In the closing stages of the project, I was given the opportunity by ex-head of the department and former Oxford Slade Professor of the History of Art Anthony Griffiths to go to Blythe House, the storage site shared by the British Museum, the Science Museum and the Victoria & Albert in West Kensington. I was given a tour of the house and an explanation of some of the issues surrounding storage of these objects and running of a national collection, then spent the rest of the day cataloguing the larger Frank Short prints kept at Blythe House and assisting with Mr Griffiths’ other, smaller projects at Blythe. This was an incredible experience and gave me unparalleled insight into working in museum environments, as well as an opportunity to see the positively labyrinthine British Museum storage facility, filled to the brim with fascinating objects! On my last day at the museum - having finished cataloguing all of the prints I was tasked with earlier in the week, and moving back to scanning for my last few days at the museum - I was invited to participate in the department’s party to celebrate having finished cataloguing all of the British portraits in their collection (of millions). When the Department originally assessed the task ahead of them in the late nineties, they estimated it would take until 2085 to finish cataloging their entire collection - now it seems as if it will take as little as five to ten more years. The British Museum’s collection of prints is the most comprehensive in the world, and the most thoroughly catalogued; print departments elsewhere rely on their records to build their own catalogues and to verify the authenticity of the prints they carry. It is an invaluable resource for researchers in the history of art - and visual culture more broadly - and having participated in building it - albeit over a relatively short amount of time in a limited way - is an honour. Furthermore, over the course of this project I was taught and learned personally a huge range of skills - from cataloguing, to scanning, to handling prints - essential to a career in the curatorial side of arts and heritage, as well as a large amount about prints and the History of Art more broadly. More than that, I experienced work inside a museum environment, which will be invaluable in deciding my future career plans and giving me contacts in the industry - the people I met were friendly, welcoming, and consistently helpful, and I’m very grateful to have been given the opportunity to work with them and learn from them.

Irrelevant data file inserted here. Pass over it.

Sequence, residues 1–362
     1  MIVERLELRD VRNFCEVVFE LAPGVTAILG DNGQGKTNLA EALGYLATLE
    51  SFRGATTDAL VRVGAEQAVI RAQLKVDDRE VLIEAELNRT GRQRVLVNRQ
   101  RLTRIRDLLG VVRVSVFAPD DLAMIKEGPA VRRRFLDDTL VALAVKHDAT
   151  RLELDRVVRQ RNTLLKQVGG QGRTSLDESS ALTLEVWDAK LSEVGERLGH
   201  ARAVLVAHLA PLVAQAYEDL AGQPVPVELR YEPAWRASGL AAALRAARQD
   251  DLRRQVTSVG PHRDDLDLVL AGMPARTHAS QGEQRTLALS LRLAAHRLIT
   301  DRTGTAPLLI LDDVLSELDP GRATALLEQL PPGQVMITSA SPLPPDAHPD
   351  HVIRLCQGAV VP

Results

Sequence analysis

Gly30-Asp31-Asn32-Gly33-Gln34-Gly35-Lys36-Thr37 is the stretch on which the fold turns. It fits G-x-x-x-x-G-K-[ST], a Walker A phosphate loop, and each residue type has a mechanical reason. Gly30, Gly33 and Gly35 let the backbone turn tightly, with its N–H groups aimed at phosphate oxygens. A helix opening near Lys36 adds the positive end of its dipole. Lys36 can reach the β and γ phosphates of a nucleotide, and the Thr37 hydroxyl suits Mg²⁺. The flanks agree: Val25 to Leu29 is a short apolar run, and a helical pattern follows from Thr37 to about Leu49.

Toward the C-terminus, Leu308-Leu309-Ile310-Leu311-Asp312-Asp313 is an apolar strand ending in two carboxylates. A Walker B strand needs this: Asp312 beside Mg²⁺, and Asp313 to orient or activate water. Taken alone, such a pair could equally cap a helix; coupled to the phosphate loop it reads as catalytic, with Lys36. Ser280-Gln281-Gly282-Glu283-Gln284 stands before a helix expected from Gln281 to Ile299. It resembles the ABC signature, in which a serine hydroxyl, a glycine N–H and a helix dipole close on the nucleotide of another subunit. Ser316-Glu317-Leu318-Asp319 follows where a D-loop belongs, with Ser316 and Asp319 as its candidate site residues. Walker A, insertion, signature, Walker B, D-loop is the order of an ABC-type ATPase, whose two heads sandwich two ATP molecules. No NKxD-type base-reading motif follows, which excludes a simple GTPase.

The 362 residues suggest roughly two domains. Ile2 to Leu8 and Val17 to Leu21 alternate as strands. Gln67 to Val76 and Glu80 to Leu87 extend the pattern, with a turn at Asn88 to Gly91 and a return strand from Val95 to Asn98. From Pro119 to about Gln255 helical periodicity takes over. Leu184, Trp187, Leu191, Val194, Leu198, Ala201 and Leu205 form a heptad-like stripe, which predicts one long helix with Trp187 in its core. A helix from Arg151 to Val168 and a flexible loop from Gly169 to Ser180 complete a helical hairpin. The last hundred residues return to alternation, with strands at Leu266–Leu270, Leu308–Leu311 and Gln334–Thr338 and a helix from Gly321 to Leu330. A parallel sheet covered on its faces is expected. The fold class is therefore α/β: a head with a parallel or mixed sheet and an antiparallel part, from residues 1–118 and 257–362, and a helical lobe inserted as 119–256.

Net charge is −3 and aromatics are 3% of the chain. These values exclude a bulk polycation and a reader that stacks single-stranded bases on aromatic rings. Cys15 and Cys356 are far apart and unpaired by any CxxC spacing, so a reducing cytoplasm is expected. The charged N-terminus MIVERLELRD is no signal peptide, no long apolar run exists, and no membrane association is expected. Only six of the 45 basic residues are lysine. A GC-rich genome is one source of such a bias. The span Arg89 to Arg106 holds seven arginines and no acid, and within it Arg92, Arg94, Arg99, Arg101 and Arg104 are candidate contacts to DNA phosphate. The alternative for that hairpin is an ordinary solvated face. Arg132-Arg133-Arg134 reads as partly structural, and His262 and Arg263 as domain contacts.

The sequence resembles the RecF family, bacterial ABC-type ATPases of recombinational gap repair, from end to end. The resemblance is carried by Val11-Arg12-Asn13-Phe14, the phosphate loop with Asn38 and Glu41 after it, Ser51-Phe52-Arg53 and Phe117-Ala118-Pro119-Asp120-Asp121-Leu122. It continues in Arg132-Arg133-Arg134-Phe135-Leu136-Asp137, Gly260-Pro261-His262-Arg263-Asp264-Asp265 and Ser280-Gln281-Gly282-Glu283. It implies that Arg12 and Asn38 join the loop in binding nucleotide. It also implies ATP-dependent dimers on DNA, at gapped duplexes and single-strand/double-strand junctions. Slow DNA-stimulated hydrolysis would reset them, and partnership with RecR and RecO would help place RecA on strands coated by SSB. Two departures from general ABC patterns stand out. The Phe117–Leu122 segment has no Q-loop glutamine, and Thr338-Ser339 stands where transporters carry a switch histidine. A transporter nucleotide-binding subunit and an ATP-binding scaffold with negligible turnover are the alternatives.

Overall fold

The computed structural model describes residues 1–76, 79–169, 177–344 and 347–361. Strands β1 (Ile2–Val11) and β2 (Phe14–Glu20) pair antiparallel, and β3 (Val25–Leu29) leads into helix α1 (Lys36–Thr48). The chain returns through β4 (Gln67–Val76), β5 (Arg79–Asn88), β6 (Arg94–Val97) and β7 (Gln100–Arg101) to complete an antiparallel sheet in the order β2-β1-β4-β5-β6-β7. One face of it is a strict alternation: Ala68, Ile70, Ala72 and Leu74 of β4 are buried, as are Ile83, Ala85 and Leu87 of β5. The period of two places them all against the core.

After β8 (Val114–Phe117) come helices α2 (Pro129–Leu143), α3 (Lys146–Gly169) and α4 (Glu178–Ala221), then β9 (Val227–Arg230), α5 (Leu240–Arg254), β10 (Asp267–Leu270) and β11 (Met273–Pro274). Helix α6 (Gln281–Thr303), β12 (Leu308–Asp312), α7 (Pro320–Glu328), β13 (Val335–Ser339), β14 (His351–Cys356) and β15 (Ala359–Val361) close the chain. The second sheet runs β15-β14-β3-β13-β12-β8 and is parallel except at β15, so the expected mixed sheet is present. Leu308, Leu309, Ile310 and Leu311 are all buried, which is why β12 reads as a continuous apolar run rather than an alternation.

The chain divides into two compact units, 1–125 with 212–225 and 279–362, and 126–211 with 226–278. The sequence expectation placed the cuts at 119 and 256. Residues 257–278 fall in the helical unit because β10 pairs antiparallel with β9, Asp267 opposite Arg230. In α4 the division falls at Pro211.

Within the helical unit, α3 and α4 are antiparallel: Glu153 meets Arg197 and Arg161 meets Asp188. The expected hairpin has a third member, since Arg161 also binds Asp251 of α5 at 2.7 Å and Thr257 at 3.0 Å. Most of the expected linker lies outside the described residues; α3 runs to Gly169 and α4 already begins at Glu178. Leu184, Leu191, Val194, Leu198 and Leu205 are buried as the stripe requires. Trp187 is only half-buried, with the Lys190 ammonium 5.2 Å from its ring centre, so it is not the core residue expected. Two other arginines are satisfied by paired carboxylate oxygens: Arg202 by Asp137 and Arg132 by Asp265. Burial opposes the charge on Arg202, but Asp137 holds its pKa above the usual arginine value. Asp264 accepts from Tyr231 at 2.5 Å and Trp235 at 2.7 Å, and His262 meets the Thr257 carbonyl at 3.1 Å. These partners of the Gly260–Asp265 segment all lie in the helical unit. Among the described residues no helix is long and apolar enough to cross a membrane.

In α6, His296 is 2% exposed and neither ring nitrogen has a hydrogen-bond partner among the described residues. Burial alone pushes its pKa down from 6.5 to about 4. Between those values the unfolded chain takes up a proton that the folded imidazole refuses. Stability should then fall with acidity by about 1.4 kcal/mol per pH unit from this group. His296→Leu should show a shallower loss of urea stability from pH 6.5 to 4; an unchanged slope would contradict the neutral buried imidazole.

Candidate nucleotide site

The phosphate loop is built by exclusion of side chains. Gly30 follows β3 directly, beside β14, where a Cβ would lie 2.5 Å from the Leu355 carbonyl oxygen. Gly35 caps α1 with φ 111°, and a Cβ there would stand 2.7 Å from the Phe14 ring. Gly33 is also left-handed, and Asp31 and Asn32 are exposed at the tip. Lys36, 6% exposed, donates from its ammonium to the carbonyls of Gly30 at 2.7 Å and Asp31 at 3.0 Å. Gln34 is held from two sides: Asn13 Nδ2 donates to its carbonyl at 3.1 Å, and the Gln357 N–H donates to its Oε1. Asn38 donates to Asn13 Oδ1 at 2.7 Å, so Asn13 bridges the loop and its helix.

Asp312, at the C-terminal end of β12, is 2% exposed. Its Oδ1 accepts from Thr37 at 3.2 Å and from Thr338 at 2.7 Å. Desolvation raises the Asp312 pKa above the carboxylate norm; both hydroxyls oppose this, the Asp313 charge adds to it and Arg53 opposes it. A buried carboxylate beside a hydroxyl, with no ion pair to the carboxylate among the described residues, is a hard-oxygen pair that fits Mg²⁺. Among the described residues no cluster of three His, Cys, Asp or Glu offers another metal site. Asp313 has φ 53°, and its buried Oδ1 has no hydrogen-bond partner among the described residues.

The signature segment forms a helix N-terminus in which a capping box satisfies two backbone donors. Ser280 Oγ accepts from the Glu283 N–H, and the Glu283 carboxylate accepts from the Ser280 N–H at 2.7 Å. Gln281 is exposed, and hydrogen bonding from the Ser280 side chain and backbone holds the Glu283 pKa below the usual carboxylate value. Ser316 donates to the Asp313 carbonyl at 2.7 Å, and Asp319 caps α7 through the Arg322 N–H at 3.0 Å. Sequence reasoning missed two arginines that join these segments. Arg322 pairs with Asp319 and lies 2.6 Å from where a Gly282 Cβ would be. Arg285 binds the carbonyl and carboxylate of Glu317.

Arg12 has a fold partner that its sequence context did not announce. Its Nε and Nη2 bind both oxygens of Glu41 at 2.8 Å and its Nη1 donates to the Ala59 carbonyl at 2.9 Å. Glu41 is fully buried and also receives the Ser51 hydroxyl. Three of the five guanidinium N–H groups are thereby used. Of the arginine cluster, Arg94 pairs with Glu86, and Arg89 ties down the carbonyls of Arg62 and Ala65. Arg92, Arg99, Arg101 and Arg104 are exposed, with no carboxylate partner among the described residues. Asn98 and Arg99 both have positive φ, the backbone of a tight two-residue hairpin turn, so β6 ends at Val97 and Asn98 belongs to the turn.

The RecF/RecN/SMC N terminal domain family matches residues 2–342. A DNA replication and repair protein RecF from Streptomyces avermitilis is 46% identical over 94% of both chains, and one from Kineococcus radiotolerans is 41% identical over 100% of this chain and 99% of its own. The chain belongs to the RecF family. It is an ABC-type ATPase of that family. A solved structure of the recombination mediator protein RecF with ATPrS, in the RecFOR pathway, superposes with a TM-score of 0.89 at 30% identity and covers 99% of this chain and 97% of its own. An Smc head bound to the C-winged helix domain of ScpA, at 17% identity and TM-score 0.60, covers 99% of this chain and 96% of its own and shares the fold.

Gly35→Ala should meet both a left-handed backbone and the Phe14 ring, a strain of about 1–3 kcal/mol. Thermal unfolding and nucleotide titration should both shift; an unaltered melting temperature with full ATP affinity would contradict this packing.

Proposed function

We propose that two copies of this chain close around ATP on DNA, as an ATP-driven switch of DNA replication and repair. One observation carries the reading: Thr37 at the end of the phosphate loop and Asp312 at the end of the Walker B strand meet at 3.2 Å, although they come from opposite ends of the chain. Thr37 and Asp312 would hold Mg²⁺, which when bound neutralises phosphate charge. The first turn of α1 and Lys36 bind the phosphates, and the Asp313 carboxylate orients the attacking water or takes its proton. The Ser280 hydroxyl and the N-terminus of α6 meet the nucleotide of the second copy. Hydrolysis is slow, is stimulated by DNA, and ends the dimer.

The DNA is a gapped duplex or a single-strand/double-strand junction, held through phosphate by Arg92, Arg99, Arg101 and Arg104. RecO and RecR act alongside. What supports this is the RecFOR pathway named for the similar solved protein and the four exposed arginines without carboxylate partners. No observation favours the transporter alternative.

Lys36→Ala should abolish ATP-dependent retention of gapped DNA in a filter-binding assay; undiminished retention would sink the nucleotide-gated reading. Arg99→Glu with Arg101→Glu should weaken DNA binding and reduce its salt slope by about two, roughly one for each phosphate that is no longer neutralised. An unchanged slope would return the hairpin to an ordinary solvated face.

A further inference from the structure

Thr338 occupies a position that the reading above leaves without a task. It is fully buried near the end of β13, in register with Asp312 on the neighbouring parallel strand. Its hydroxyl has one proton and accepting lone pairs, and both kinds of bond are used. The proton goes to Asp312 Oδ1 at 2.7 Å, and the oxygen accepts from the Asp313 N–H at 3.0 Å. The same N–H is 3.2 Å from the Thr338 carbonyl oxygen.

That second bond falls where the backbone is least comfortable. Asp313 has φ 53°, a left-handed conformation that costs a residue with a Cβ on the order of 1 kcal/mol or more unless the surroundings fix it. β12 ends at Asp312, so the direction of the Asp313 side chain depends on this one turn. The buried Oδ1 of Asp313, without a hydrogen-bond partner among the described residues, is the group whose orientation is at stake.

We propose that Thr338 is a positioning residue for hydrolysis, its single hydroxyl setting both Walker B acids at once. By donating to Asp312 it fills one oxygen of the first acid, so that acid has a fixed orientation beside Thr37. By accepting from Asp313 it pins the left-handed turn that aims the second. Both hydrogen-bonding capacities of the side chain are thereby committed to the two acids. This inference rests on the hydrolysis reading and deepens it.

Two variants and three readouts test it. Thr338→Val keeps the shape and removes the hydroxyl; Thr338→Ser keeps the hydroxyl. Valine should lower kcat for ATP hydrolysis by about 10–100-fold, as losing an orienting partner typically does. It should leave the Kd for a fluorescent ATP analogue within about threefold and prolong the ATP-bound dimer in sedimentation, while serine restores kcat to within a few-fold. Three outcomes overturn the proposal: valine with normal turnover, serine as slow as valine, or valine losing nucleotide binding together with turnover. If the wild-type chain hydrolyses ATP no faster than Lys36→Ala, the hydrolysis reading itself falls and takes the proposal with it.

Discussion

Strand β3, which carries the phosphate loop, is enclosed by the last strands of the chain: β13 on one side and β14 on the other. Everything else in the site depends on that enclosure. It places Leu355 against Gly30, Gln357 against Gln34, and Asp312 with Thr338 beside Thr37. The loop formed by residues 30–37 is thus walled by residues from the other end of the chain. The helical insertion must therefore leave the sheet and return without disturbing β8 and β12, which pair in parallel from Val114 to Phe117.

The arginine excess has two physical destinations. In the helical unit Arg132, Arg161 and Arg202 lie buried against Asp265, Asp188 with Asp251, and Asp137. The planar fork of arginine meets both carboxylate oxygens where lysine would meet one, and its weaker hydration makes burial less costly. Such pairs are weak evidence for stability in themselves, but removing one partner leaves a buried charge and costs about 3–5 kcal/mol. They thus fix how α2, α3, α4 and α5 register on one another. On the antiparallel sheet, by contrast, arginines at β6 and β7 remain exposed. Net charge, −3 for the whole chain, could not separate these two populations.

Made with FlippingBook